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Malted Grains beer ingredients

By Dr. Paul J. Pope


You are probably familiar with the four main ingredients used to make beer; malt, hops, water, and yeast. Combinations of these ingredients are used to brew a myriad of different beer styles. In fact, only a few beer styles are reliant on adjuncts, fruits, or spices to define the style. The vast majority of beer styles only use these four ingredients. For this article I will be focusing exclusively on malt.


The most common cereal grains used in brewing throughout the world, in order of use, are barley, wheat, oats, and rye. Other grains and adjuncts are commonly used, but make up very small portions of the grain bill such as corn, buckwheat, and rice. Barley, wheat, oats, rye, and rice are all part of the grass family. However, these grains are incredibly difficult to use strait out of the field, and they will not yield much to brew with. Some beer style do use un-malted grains, but these are in a very small minority of beer styles. Malting greatly increases what can be extracted to make beer.


Malting grains is essentially tricking the grains into germination then drying and kilning them. First the grains are soaked in warm water until they begin to grow tiny rootlets and an acrospire. The acrospire will begin to grow, but before it gets much longer than the length of the grain (the seed of the grain) the germination is arrested by drying. What has happened to the grain is the germination has created a lot of starch as a food source for the growing plant. This increase in starch is known as modification. The amount of starch in the grain is significantly higher than before germination, this is called modification.


After the grain is dried it is kilned (exposed to higher heat than drying). To create different styles and darker grains the maltster kilns the malt at different temperatures and for differing lengths of time to produce different types of malt. For comparison, Pilsner or pale ale malt, light colored base malts, uses lower heats for shorter periods of time. This preserves the enzymes in the malt that can be used during the mash to convert all that lovely starch into sugars the yeast can ferment. The color rating of malt is called the Lovibond scale. Pilsner malt usually ranges between 1.5-2 L and pale ale range is 2.5-4 L. These malts have enough enzymes to convert all its starch to sugar with enough left over for adjuncts and other highly roasted grains.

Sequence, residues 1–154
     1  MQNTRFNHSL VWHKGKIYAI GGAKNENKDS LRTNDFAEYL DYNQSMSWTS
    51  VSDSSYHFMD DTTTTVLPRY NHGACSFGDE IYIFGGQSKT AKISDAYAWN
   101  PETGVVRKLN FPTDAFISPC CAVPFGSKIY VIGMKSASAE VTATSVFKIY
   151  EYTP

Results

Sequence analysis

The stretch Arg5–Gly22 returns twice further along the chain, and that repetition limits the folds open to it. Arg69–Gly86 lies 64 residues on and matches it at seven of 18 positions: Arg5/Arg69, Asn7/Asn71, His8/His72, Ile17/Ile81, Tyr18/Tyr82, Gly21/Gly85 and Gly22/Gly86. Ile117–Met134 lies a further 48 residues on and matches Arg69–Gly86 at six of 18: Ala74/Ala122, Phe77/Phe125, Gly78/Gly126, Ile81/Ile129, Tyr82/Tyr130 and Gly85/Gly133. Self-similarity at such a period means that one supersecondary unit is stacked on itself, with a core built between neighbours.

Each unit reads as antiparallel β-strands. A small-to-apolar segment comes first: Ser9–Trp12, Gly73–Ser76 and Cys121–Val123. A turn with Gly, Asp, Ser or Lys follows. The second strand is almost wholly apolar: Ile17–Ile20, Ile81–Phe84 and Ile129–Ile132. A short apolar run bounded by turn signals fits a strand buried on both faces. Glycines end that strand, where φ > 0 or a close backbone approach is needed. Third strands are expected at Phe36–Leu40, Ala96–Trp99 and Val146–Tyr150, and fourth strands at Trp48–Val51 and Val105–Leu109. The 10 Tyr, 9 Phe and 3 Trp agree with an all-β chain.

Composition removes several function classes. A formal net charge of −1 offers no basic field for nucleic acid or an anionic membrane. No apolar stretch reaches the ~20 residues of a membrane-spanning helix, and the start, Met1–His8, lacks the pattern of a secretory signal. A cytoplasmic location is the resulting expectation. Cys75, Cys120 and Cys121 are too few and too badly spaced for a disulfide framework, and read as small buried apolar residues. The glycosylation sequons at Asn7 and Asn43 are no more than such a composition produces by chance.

Roasted and toasted grains are much darker malts than base malts because they are kilned for longer and at higher temperatures. A toasted malt will likely be kilned to 15-50 L. A roasted malt, often used in porters and stouts, will be kilned to between 400-500 L. Toasted malts have had most of their enzymes denatured from the higher heats and the longer roasting period. Highly kilned malts, sometimes called black malt, will have no available enzymes to convert its sugars. These malts often resemble roasted coffee in their look and flavor more than beer malt. The more of these grains used the more the brewer needs highly enzymatic base malts to insure full conversion in their mash.


Crystal malts (or caramel malts) are made a bit different. Rather than drying after the germination process, when the grain is still quite moist, the maltster cooks (or stews) the grain. This converts the starches to sugar inside the grain and then caramelizes or crystalizes (nearly interchangeable terminology) to create higher melanoidens in the malt, the yeast can’t easily consume. This is used to give body, increased color, and caramel flavors to beer. Because the sugars are already accessible, these grains don’t need to be mashed, but merely soaked in hot water to release their sugars, after being milled of course.


Combinations of these grains, in varying amounts, is used to create almost any style of beer. A brewer will create their grain bill (the mix of various grains to be mashed), then mill them together, they soak the crushed grains in hot water to convert the starch into sugars for the yeast to consume. It is said that yeast is the soul of beer. However, malt is beer’s backbone.